We’re Havin’ a Heat Wave
It would logically follow that the higher air temperatures experienced in recent decades warms sea surface temperatures as well. Trust your logic on this part of the climate change landscape. It does.
- Globally, the ocean has been warming consistently over the past 50 years, with 2007 as the warmest year on record.
- Since the 1970s, the annual average temperatures for the nearby waters of the New England coast (Woods Hole, Massachusetts and Narragansett Bay) have increased.
- University of Rhode Island scientists found variability in the annual mean sea surface temperature in Narragansett Bay, but estimated that winter sea surface temperatures have risen 4°F since the 1960s.
Consider: If your body temperature rose four degrees to 102.6°F, wouldn’t you be reaching for the aspirin? And wouldn’t your bones ache, your head feel hot, your body get all sweaty and clammy? Well, the Earth’s oceans aren’t feeling so good either, but nobody is even suggesting fluids and bed rest. We don’t give our oceans a break. We expect them to remain high performance no matter how sick they are.
The Impacts of Warmer Waters
Warmer water temperatures have an impact on regional ecosystems, and the complex and vibrant life they contain and sustain. These ecosystems are not only natural resources, but vitally important economically and socially.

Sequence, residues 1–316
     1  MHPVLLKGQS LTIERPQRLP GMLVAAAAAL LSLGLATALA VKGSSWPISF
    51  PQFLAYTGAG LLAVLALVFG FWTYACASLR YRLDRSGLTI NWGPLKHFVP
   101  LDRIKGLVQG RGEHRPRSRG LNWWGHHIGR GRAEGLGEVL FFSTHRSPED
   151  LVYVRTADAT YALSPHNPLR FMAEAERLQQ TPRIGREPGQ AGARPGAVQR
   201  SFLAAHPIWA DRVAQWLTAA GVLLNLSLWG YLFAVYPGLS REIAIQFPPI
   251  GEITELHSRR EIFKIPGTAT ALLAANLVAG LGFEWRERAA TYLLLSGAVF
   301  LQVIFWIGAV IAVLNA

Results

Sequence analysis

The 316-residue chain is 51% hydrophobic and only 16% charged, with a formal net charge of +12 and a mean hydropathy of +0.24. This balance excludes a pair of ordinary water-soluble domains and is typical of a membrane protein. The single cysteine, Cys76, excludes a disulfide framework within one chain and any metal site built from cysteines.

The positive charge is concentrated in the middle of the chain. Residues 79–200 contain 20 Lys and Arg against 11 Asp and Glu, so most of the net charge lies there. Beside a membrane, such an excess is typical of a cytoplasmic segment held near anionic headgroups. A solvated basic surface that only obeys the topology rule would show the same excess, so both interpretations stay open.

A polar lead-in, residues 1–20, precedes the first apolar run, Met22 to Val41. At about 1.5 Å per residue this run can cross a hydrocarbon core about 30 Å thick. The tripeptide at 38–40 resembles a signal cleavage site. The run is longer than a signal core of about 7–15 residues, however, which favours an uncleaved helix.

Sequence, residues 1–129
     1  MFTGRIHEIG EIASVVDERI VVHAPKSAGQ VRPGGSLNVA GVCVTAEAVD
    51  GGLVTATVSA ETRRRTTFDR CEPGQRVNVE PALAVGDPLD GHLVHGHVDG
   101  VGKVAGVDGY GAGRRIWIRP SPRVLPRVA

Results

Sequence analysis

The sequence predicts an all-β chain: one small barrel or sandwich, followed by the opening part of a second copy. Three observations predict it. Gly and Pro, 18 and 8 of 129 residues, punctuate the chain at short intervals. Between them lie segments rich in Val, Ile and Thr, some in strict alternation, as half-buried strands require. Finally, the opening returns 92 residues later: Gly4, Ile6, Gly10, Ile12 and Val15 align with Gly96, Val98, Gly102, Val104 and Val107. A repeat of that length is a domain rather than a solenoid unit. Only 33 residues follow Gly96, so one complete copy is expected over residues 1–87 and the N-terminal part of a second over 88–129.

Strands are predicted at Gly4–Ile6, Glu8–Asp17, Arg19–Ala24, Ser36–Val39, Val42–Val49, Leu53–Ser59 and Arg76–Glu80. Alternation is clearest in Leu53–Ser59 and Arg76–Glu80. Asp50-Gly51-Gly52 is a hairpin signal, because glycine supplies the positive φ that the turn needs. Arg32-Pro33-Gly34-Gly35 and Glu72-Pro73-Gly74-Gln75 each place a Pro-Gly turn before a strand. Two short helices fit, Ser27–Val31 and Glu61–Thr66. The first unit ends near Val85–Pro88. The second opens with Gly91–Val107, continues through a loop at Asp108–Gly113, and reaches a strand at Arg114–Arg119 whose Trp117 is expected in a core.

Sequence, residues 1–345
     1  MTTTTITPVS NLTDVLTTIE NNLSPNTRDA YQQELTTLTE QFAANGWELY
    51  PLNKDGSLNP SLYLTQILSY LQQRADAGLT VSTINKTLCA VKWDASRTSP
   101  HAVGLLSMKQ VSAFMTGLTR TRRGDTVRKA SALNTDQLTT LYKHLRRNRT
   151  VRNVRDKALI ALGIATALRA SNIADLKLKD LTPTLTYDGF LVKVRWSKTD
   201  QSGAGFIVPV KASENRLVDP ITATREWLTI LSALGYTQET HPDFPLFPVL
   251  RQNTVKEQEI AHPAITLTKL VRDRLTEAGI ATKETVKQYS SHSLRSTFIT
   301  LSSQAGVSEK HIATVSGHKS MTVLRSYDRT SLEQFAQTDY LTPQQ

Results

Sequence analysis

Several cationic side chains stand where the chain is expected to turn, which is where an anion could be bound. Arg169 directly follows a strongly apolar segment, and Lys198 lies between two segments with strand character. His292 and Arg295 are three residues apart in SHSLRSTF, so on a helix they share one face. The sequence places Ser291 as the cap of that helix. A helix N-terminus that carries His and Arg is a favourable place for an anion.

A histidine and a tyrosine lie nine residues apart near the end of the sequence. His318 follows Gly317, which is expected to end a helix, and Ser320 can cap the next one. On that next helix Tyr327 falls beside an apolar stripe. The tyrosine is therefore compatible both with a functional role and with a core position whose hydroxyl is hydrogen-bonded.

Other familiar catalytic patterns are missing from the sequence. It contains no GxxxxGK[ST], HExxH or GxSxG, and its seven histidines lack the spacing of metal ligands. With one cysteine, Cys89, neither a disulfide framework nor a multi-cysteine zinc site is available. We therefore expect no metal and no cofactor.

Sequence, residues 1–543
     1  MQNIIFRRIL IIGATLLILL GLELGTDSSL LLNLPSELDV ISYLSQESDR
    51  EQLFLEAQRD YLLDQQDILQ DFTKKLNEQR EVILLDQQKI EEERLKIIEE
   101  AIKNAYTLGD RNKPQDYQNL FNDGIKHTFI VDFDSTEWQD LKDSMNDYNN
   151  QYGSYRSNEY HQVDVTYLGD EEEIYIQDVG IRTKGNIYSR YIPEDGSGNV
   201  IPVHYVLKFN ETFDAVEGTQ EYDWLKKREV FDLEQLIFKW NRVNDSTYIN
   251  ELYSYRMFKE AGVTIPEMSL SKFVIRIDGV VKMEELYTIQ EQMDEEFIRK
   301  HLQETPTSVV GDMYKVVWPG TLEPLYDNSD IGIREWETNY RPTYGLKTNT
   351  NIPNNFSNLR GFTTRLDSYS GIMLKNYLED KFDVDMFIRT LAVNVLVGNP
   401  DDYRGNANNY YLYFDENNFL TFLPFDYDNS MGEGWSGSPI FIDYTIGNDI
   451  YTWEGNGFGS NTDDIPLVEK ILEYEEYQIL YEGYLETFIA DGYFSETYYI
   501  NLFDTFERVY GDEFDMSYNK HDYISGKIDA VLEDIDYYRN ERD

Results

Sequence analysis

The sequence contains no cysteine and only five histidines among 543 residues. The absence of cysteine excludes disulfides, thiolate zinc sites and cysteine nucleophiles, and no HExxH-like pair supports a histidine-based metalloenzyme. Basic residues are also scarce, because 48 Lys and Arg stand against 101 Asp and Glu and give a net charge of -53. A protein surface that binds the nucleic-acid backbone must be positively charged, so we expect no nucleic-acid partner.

The marine environment is very sensitive to changes in sea surface temperature. Increasing temperatures affect the distribution and reproductive success of many marine species, such as the winter flounder, which used to be prevalent right here in Narragansett Bay. Cod may or may not have been overfished, but they are not so happy with a warmer Bay and if they rebound, it won’t be in Rhode Island waters. They will likely migrate to cooler waters in the north.
Warmer waters may change the seasonal comings and goings of certain fish, as well as offering a newly created receptive environment for different forms of marine life. For example, an increase in the number of jellyfish in Narragansett Bay may be seen as they find more food sources and are attracted to the warmer habitat. And higher sea temperatures are partially responsible for harmful algal blooms, marine diseases, and the spread of invasive (non-native) species.
On the other hand, out on the sea, shorter, warmer winters and reduced icing on fishing and transport vessels’ gear and structures becomes a benefit to winter navigation, shipping and the commercial fishing industry, and those who work in it. But is the tradeoff worth it from a habitat and economic perspective?
“Again last night I had that strange dream/ Where everything was exactly how it seemed/ Where concerns about the world getting warmer/ The people thought they were just being rewarded/ For treating others as they’d like to be treated/ For obeying stop signs and curing diseases/ For mailing letters with the address of the sender/ Now we can swim any day in November”
- The Postal Service, Sleeping In
“Hurricanes Are Strengthening Faster in the Atlantic, and Climate Change Is a Big Reason Why, Scientists Say” Washington Post
Rhode Island water temperatures have increased by an average of 2.2°F since 1970, causing noticeable range shifts in Narragansett Bay’s native marine species.
Out of 36 US Atlantic coastal fish species, 24 have been affected by higher water temperatures.
By 2100, sea surface temperature in the US Northeast is expected to increase by 4-8°F depending on emission scenario.